Ford is being forced to temporarily suspend production at the Hermosillo production plant in Mexico on October 11 and 12th. The production suspension was confirmed by union workers at the plant and is being blamed on a shortage of material. However, Ford hasn’t specifically said what material shortage is causing the production problem. Presumably, the shortage is chips required for controlling vehicle systems, but that is unconfirmed.
Ford certainly wouldn’t be the first major automotive manufacturer to be forced to suspend production due to chip shortage. A shortage of chips is impacting multiple industries worldwide and stems from production decline due to the ongoing pandemic. The union confirmed that Ford would pay workers 75 percent of their salary on October 11 and 12th even though they won’t be working. The manufacturing facility in Mexico produces the Bronco Sport SUV.
While Ford didn’t confirm the production stoppage was due to a short supply of chips, other auto manufacturers, including GM and Volkswagen having to stop production for that reason. Last week, Nissan confirmed two of its Mexican facilities would stop production during October.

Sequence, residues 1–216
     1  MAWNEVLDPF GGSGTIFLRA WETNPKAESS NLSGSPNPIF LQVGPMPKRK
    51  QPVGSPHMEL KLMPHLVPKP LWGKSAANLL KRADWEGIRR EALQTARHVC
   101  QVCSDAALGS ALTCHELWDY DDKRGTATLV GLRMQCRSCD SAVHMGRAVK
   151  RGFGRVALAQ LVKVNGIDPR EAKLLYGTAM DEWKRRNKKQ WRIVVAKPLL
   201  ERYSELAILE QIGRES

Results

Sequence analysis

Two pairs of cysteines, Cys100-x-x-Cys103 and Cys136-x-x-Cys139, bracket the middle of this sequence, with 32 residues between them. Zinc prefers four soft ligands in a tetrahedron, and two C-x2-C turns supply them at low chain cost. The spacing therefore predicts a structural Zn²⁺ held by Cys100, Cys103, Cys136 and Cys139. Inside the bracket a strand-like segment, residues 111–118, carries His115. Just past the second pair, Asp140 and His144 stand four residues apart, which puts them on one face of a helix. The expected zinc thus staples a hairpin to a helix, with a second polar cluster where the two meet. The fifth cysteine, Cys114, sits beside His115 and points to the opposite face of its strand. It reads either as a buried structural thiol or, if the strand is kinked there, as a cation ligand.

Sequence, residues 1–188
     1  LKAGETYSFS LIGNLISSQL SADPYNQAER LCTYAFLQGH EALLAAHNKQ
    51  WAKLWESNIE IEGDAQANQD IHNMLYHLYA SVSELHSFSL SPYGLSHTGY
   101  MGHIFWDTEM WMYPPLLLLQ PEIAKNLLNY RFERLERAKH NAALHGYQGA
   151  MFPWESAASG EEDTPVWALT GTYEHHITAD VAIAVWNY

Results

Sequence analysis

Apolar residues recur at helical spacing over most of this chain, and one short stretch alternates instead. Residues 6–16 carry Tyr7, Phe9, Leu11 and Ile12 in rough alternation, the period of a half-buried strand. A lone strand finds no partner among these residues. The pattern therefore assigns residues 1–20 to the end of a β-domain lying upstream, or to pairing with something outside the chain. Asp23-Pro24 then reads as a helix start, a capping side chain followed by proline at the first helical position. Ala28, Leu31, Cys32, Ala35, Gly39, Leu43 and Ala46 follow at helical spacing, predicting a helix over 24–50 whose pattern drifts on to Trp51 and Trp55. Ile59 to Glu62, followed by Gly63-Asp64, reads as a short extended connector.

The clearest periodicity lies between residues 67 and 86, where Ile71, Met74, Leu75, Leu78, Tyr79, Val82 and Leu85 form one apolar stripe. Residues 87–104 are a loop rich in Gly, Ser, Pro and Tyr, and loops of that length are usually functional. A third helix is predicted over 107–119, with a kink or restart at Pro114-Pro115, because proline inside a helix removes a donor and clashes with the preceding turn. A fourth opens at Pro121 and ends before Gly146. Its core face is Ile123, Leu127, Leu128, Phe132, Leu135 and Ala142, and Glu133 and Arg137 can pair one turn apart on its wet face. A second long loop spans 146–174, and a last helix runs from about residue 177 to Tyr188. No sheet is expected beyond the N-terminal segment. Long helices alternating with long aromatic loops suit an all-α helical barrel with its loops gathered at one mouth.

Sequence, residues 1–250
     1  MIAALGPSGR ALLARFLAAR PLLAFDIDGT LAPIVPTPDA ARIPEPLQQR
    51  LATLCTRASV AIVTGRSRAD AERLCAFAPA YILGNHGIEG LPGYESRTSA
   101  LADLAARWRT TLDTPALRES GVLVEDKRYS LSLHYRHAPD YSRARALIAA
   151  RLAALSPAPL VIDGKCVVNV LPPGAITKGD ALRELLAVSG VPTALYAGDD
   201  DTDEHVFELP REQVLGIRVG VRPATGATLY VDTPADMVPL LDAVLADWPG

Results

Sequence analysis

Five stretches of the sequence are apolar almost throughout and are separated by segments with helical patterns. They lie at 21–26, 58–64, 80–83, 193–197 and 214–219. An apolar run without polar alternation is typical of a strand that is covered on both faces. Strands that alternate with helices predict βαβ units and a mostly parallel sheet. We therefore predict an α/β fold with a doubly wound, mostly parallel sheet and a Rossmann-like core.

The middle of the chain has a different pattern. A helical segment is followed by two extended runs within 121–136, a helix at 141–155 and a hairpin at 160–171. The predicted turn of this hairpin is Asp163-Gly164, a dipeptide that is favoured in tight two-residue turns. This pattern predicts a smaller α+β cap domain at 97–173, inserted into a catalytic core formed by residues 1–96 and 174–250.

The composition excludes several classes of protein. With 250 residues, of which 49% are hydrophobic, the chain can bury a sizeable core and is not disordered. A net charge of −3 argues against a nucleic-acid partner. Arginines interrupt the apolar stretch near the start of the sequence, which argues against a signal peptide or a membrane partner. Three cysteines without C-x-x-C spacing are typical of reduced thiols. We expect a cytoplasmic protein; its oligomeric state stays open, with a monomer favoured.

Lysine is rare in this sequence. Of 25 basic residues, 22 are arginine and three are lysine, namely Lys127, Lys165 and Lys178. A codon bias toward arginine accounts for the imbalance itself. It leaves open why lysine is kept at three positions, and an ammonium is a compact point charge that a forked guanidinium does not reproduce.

Ford’s Mexican facilities aren’t the only ones that have been forced to suspend production. Earlier this month, the Blue Oval confirmed that plants at Flat Rock, Michigan, and parts of the Kansas City plant would also stop production briefly. With such high demand for Bronco Sport, stopping production for any length of time is certainly not what Ford wants to do.
With high demand and low availability, many automotive buyers who want a Bronco Sport have been unable to find one. Reports have also been circulating that dealerships that do have Bronco Sport vehicles on their lots are tacking on significant market adjustments, sometimes as much as $10,000 on top of the sticker price.